Vol. 12, No. 2,856W - The American Reporter - March 18, 2006

by Erik Deckers
American Reporter Humor Writer
Syracuse, Indiana

SYRACU.S.E, Ind. -- Leave it to the British. With the exception of a = few soccer hooligans and punk rockers, the British are well-known for their=

politeness and civility. Politicians and royalty are naturally polite, and= the citizens are world-renowned for their courtesy. And as I reported seve= ral months ago, the trainees at the British Royal Navy's premier gunnery sc= hool are no longer firing live ammunition, they're shouting "bang" into a m= icrophone for their commanding officer to hear.

Even the British police officers are expected to be polite and cour= teous, even when kicking down someone's door and searching a home for drugs= .

At least that's what one unnamed British police officer may find ou= t. According to a Reuters story, the British police are conducting their ow= n internal (no pun intended) investigation after a family complained that a= police officer broke wind during a drug raid in their home and failed t= o apologize! (I also checked the LondonDaily Mail's Website (www.thisis= london.co.uk), hoping to find the story under the "Breaking News" section, = but the Fates did not smile on me today).

Scotland Yard confirmed that the Department of Professional Standar= ds was looking into a charge that a male officer farted in the family's hal= lway, but they did not confirm whether the family was foundto have drugs or= not.

"We can confirm that the department is investigation anincivil= ity charge during the search of a home under the Misuse of Drugsact," a Sco= tland Yard spokesperson told Reuters. I can just imagine howthat went:

Police Officer #1: Alright, everyone! Get on your feet and putyou= r hands behind your head. We're looking for drugs.

Family Member #1: Uh, we don't have any drugs here.

Family Member #2: Uh yeah, there's no drugs here.

Police Officer #2: Oh yeah? Then what are those pills on thetable= , and those bags of white powder by the sofa?

Family Member #2: Umm. . . those are vitamins, and that whitestuf= f is baby powder.

Unnamed Police Officer: (thtptpthptpthp)

Family Member #1: Oh jeez, that's awful! Who did that?! Alright,I= 'll admit that we've got drugs here and we should be in prison for along ti= me, but someone needs to apologize for that awful smell. Unnamed Police Officer: ... .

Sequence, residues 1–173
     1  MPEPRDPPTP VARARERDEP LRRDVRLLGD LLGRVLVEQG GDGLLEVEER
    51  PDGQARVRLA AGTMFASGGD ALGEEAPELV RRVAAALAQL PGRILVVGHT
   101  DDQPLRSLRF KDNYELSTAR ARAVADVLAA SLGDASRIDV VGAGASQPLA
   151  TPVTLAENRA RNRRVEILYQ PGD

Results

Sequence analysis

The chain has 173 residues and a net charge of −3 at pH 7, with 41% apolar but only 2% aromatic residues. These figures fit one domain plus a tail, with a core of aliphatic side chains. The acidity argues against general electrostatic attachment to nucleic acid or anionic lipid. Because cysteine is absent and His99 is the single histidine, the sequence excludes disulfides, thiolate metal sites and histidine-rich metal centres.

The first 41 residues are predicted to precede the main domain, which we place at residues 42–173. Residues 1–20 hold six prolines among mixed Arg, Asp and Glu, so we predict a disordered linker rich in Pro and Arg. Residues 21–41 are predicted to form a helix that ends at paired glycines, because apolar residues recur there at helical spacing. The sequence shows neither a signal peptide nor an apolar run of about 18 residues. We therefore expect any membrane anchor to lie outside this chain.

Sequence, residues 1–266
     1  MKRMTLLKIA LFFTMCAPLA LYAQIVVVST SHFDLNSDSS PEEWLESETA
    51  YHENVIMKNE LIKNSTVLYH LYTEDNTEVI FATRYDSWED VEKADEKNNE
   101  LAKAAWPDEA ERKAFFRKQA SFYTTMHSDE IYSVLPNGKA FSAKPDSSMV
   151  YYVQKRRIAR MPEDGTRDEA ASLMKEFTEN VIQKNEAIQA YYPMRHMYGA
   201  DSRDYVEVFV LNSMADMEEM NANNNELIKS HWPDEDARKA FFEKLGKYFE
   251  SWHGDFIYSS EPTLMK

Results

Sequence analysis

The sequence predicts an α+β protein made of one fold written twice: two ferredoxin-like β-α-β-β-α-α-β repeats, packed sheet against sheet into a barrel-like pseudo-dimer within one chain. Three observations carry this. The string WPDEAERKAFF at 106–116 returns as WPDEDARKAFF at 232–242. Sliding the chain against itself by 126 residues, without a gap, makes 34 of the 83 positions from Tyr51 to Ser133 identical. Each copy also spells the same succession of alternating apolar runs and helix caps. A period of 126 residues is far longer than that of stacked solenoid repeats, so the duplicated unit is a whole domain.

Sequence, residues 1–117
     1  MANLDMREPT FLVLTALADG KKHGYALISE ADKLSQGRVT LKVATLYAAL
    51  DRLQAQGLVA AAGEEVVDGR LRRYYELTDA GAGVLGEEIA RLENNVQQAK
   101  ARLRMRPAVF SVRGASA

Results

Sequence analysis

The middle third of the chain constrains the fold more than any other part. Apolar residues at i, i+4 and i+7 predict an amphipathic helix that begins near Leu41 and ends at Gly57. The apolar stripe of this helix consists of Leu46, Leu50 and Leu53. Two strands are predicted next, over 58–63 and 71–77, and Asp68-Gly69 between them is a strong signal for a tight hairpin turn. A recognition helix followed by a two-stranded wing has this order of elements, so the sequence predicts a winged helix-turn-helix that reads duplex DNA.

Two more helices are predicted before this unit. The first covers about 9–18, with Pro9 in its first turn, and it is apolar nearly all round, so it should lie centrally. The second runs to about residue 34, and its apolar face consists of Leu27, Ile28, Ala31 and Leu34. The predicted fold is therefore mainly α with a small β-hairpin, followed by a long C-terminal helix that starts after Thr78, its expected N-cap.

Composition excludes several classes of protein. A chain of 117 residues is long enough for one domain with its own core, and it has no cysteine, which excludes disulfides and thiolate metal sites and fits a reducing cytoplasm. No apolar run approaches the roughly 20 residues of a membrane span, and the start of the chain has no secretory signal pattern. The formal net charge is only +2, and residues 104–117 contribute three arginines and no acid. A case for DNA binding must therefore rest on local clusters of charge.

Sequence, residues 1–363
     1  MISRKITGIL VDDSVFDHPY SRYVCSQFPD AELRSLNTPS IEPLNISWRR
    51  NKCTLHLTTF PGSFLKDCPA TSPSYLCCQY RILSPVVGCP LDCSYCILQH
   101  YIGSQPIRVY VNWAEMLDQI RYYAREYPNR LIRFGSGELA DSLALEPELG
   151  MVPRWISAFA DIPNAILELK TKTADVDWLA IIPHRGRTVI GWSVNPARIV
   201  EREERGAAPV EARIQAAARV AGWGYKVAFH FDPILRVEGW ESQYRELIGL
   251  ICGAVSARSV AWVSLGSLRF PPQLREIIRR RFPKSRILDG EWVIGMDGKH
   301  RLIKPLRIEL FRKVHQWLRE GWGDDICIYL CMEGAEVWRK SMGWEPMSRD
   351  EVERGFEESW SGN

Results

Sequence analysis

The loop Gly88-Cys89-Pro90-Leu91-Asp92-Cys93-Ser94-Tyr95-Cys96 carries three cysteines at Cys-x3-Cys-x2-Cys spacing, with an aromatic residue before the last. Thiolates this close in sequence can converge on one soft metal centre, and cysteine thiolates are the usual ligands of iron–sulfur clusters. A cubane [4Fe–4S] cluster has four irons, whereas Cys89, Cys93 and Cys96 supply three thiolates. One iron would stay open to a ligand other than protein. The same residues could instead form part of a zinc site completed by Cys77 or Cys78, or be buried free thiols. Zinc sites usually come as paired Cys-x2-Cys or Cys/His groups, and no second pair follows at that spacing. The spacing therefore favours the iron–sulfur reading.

Family Member #1: I'm serious. I want everyone's badge number, be= cause I'm writing to your superior officer. It's one thing for us to break = all sorts of laws by selling dangerous narcotics to the British people. But= to have someone break wind in my house and then not apologize? Well, that'= s just going too far!

According to a letter from Scotland Yard, which was reprinted in th= e London Daily Mail this past Wednesday, "An allegation has been received f= rom a person in the house that one of the male officers broke wind and did = not apologize to the family for his action. . . the complainant felt it was= rude and unprofessional."

Now let me get this straight. The people in question won't complain= that their house was raided for alleged drug misuse. They won't fuss about= civil liberties and a right to privacy. They won't gripe that family membe= rs may have been carted away by the police. They won't even raise an eyebro= w that one or more family members could be in prison for several years.

But they'll fire off an angry letter to Scotland Yard because a male po= lice officer, while risking his life and safety to make London's streets sa= fe, squeaks one out and doesn't mumble an "excuse me"for it? Does anyone el= se think this is stupid?

Apparently the matter won't drop there, either. If the anonymous officer= is found, he could actually be disciplined for his indiscretion.

"Police did not confirm what discipline the officer might receive if fou= nd guilty of breaking wind," the Reuters article said.

Discipline? That's adult talk for "punishment." In other words, the guy = could get in trouble for not apologizing after farting. It's not like the g= uy beat up a suspect or planted evidence. His only offense is that he didn'= t offer a mea culpa after emitting a natural bodily function.

What are they going to do, fire him? Reduce his rank? Put him on traffi= c duty? Do you mean the guy could have a blot on his record that will follo= w him around for the rest of his professional career just because he cut on= e in someone's house and didn't say "Oops, beg your pardon"?

And how is someone "found guilty" of flatulence? Is there going to = be a criminal investigation with lawyers, barristers, and a judge wearing a= powdered wig? If a person could be found guilty of breaking wind, our enti= re country would be in jail, and anyone on who ever tried the Cabbage Soup = Diet for two weeks would be facing the death penalty.

While I'm all for politeness and civility from anyone, including po= lice officers, I think it's going a little too far to expect politeness at = this level when the authorities are searching my house because I've violate= d a number of state and federal laws.

What's next? Police officers asking permission of armed suspects to shoo= t them?

Copyright 2006 Joe Shea The American Reporter. All Rights Reserved.

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